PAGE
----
Steve replied, ever confident. "We just have to find them." Much digging ensued. Yes, Luther liked that part, and entered into the game with vim and much vigor. Ha! Lookee here!! A potato. Whaddya know?! All right, so there weren't that many of them, but what fun to find them! Here's the full haul. Really, you could stop laughing now. . . .

In other garden news, the tomato garden is now rather spindly, yellowing and browning, but there are still several Long Tom tomatoes on the vine, so I'll leave it standing until those ripen. Those were the favorite this year, by the way. Bright red all the way through, almost solid flesh, very few seeds and, according to the king, delicious.

The water garden has had its ups and downs - growth and water level-wise. We've had a LOT of rain! The Fairy Tale aubergine did not do well there - and I finally transplanted them into a container in the courtyard where I hope I can control the water and the bugs that reduce its leaves to a tracery. I secured some seeds from the few which did grow, and which I will plant early [in containers!] next year. We may get some more aubergines this year, however, if the new flowers on the recovering plants are any indication.

After a full growing season, I now count myself well able to distinguish between a newly germinated bean vine and the weed version that looks almost identical, but grows twice as fast, strangling everything in sight, before putting out little white flowers and no beans. I don't think I can describe the difference to you, it's really more a general feeling I now get of malevolence from the weed versions. Of course, over a day or two you can see the growth spurt, which is also a dead giveaway.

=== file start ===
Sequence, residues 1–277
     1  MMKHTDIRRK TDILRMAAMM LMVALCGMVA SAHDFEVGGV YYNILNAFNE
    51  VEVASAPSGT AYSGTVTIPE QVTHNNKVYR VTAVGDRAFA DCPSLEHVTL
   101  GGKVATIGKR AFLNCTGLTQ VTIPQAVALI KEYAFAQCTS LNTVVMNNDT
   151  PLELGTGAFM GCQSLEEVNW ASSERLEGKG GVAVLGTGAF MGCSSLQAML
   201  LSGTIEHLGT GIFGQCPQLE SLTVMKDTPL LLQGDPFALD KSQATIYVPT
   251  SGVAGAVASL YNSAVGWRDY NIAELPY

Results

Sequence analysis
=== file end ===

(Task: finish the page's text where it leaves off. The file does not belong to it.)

Speaking of growth spurts, note to self: One Thomas Jefferson vine (the so-called Hyacinth Bean, now rumored to be toxic?!) is MORE than enough to adorn just about any trellis, wall or other structure. Ten was overkill. . . . It lures you into complacency, however, by a very slow start. It germinates only once the soil is good and warm, and then puts out the initial leaves and then. . . . just sits there. For weeks - nothing. You plant more. By now, of course, the sun has warmed the soil and they germinate a bit more rapidly, put out the initial leaves, and. . . . sit.

OK, maybe one or two more. . . .

Same story.

Suddenly, they all erupt. They're pretty things - look at these flowers! The bean pods are just forming, and not quite visible. I have to resolve whether or not they're edible. I'm hearing conflicting reports. Typical, the one thing I should have PLENTY OF might be toxic. Figures.